It’s pretty common knowledge - tea is good for you. You may remember when you were young and your mom handing you a cup of tea as a remedy for when it was cold season. You could even just be jumping into the tea scene. No matter what, you know that there’s not a bad tea. There’s a whole lot more than that waiting to be unlocked in each tea bag, though.
Of course it’s delicious for any time, but when you’re feeling under the weather, certain teas are going to boost you back to health. Yet not all teas are created equal. Some are better for your stomach, some are better for your throat - whatever’s ailing you, there’s a tea for that. Most teas have multiple health benefits. For instance, you might already know green tea has been thought to help with weight loss, but it’s also great for skin care and cholesterol reduction. A lot of teas are powerhouses. So we scoured the internet for the best of the best in each category - the side effects are only going to help you.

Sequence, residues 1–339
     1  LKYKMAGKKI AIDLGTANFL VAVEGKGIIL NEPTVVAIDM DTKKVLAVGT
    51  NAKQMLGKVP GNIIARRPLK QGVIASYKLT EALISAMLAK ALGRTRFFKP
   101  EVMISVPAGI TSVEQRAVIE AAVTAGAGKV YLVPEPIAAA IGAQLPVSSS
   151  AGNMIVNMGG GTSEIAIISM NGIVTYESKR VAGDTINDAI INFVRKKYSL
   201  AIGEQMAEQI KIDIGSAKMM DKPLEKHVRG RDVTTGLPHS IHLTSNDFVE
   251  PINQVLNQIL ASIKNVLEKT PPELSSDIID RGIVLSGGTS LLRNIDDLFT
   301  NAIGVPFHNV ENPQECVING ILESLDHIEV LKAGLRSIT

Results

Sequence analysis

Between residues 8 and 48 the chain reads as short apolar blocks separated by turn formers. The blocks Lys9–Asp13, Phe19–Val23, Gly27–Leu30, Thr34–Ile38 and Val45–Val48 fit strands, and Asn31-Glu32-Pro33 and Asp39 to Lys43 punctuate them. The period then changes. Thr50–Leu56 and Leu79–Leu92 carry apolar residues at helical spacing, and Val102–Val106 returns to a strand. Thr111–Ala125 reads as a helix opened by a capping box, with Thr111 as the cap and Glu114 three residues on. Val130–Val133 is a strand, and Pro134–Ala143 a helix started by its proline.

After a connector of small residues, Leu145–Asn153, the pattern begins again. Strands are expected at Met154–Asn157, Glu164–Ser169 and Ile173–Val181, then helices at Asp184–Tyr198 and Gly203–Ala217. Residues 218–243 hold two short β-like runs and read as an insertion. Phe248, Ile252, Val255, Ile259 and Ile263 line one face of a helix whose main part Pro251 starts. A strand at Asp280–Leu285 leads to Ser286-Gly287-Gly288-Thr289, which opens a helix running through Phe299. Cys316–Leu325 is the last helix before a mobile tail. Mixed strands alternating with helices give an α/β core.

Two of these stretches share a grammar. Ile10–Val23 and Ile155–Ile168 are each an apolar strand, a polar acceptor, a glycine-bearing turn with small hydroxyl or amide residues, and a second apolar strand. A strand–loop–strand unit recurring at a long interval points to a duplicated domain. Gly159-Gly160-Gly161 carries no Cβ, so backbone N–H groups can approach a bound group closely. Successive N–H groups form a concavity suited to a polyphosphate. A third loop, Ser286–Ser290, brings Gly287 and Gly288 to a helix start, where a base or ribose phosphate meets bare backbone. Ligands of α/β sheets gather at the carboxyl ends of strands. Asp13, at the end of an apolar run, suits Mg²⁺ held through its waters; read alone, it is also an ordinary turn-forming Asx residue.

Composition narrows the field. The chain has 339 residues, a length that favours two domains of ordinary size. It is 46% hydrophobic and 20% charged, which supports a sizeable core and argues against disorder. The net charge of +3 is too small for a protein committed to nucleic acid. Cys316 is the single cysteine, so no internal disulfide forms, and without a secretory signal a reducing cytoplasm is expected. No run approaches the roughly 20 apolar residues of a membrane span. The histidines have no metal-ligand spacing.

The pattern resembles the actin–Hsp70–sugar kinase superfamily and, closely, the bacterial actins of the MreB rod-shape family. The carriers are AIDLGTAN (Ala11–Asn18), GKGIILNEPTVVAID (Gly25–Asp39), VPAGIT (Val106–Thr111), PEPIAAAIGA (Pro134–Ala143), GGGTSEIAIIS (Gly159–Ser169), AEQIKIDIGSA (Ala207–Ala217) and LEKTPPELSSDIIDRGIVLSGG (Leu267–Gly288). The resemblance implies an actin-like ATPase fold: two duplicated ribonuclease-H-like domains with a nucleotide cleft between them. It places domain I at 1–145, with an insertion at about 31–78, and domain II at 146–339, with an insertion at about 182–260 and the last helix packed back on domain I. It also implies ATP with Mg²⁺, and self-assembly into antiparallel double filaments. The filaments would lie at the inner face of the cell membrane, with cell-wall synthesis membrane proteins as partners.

Obviously, each person is different and not all teas are going to have the same specific results, but definitive studies have shown them to have alleviated common aches and pains of everyday life. We’ll drink to that.
Ah, the headache. It might be from not getting enough sleep the night before, stress, or that noisy next door neighbor’s band practice. Either way, headaches are not something that you want to live with. So bust out the hot water - feverfew to the rescue.
People have been treating headaches with feverfew for centuries. The leaves are consumed whole and fresh - but this is no longer recommended, as sometimes they might irritate the mouth. Now they come in capsules for more concentrated doses, but for the occasional migraine sufferer, feverfew might just get you the help you need.